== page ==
It’s Getting Harder to Get By

Dear Friend,

When rising prices were cutting into Americans’ paychecks, we were told inflation was “transitory.” It wouldn’t last. If we just ignored the problem, it would go away on its own. That didn’t happen.

When gas prices shot through the roof, we were told selling off part of the strategic petroleum reserve would solve the problem. That didn’t happen.

Then, when the supply chain crisis clogged our ports, delayed shipments, and drove prices even higher, we were told the President would solve the problem. That didn’t happen.

Instead, ports on the west coast told ships to anchor further out and go slower across the ocean. Out of sight, out of mind, they reasoned. While there’s no longer an unsightly armada of loaded container ships anchored in the Port of Los Angeles, the problem still hasn’t been addressed.

The same can be said for sky-high gas prices and inflated grocery bills. These problems haven’t disappeared. If anything, they’ve gotten worse. As a result, most Americans are worse off than they were this time last year. It’s gotten more expensive to put food on the table, fill up your tank, and just scrape by. Inflation and rising prices cost the average American family $3,500 last year. Many are predicting this year will be worse.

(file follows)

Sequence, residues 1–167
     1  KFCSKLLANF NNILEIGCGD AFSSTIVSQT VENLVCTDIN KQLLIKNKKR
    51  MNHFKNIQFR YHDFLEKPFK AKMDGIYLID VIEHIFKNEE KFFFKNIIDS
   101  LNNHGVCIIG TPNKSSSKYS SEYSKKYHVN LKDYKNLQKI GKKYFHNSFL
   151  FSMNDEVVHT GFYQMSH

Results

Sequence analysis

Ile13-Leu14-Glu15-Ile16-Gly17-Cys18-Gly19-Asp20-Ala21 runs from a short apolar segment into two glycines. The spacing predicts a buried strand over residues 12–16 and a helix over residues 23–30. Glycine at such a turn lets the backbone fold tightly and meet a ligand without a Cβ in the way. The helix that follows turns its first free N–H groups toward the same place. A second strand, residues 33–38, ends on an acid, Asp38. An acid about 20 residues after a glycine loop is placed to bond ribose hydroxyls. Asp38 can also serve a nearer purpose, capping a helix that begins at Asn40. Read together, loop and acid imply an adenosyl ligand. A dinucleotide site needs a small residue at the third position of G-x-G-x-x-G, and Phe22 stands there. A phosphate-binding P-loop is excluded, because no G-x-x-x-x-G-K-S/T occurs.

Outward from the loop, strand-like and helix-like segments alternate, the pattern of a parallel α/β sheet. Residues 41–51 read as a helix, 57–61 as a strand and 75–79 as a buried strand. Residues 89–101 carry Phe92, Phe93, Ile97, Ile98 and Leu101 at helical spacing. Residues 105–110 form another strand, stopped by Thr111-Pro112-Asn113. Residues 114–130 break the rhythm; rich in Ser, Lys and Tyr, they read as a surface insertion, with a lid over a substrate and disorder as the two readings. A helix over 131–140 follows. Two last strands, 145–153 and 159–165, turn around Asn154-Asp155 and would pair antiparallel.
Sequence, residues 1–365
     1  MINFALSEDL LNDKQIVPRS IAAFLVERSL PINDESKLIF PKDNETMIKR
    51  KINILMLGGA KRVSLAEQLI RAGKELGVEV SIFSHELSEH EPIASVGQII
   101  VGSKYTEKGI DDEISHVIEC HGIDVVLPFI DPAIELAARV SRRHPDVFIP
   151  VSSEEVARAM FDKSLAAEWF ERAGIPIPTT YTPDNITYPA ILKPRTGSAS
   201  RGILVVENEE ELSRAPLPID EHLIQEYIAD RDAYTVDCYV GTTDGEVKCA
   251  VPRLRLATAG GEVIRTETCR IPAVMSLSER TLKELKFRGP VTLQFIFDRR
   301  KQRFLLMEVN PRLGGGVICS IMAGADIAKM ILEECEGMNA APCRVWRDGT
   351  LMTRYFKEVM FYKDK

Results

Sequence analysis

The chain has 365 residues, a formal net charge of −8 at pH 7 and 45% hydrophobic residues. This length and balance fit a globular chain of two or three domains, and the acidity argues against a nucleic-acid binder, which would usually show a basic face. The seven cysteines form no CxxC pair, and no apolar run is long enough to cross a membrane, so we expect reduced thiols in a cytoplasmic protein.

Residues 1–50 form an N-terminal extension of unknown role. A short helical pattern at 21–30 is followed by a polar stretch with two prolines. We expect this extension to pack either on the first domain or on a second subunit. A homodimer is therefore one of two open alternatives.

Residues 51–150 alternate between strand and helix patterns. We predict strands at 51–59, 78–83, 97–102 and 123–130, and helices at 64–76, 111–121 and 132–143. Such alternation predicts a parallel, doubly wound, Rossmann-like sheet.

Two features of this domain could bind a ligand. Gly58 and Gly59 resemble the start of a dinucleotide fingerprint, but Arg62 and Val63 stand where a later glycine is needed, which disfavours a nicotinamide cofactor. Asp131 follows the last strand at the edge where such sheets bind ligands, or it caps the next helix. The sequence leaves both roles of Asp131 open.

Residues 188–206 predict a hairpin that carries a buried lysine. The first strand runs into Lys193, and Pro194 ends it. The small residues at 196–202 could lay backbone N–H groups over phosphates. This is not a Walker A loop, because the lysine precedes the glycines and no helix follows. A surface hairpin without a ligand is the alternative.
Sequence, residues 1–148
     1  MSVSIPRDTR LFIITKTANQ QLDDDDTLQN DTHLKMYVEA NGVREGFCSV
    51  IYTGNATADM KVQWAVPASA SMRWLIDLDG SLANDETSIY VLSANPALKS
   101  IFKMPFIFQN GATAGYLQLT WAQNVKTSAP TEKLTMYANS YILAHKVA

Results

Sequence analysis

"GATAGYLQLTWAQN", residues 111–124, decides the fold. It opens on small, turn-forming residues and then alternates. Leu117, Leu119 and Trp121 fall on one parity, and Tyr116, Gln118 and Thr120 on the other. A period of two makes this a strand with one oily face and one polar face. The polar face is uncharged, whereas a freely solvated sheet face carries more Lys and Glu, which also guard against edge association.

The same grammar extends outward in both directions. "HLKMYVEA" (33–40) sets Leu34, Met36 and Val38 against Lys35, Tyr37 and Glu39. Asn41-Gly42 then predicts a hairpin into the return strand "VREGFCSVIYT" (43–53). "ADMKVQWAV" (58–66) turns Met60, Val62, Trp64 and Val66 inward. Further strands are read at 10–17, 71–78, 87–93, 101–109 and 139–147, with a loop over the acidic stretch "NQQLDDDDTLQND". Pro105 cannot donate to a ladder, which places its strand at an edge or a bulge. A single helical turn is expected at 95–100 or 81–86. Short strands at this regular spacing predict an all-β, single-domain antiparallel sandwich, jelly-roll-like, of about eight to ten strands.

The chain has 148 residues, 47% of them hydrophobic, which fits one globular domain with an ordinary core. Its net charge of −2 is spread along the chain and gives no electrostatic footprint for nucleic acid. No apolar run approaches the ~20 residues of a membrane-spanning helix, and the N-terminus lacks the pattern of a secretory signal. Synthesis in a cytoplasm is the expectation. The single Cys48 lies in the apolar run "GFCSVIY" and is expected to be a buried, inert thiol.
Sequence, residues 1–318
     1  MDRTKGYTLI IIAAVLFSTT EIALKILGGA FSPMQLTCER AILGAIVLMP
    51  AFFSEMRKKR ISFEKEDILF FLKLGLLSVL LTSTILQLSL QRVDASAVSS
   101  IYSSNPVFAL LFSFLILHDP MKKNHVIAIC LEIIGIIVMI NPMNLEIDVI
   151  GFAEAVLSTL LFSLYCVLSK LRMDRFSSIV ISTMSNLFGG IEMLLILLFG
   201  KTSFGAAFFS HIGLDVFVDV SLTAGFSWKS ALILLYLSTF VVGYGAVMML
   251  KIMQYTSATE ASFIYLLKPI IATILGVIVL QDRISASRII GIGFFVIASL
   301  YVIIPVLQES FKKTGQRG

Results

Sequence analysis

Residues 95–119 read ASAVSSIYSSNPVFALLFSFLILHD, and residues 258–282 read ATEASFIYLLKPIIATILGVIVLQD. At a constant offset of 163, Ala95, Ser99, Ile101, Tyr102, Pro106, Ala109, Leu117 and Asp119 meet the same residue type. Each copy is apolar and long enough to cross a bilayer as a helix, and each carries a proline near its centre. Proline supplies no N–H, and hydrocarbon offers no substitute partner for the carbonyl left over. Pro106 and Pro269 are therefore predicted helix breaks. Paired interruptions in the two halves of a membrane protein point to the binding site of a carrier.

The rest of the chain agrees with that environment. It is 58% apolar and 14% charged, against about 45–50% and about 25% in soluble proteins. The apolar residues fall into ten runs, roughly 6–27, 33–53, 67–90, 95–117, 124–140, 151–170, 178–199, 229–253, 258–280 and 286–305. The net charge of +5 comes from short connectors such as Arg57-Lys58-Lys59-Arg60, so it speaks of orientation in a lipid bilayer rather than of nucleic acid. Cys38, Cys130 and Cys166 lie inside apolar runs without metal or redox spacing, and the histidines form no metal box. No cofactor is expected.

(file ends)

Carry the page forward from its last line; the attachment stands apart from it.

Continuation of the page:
The bigger problem is that paychecks haven’t even come close to keeping up with rising inflation. Real wages are down, and it seems like there’s no end in sight—no light at the end of the tunnel. It doesn’t have to be this way. There are real and concrete steps we can take to right the ship.

For starters, we’ve got to stop the things that are making this problem worse. That means we have to reign in the out-of-control spending that’s fueling inflation. Luckily, we caught a break there when the President’s massive tax and spending plan hit a brick wall in the Senate last month.

Next, we have to stop the mandates and regulations coming out of Washington that are making the supply chain crisis worse. For example, there’s no need to force vaccine mandates on truckers hauling truckloads across international borders. We’re already having problems finding enough truckers to get things where they need to go. There’s no sense in scaring any more off. Instead, we should be listening to them and giving them what they need to get the job done.

Finally, we have to make sure the money we are spending is actually going to fix this mess we’re in. Since last year’s infrastructure bill was passed, the Administration still hasn’t fully briefed lawmakers on how exactly they plan on spending all that money. That makes it hard for Congress to stop waste, fraud, and abuse. It makes it next to impossible to ensure that money is going towards things that will ease this crisis, like expanding capacity and increasing efficiency at our ports, instead of just paying to scrap diesel equipment and replace it with electric machinery powered by the coal-fired power plant down the road.

None of these problems will disappear if we just pretend like they don’t exist. We have to put aside our political differences and start doing what needs to be done to solve these crises. For the most part, Washington just needs to get out of the way. Until that happens, it’s going to keep getting more and more difficult for folks just to get by.


Sam Graves

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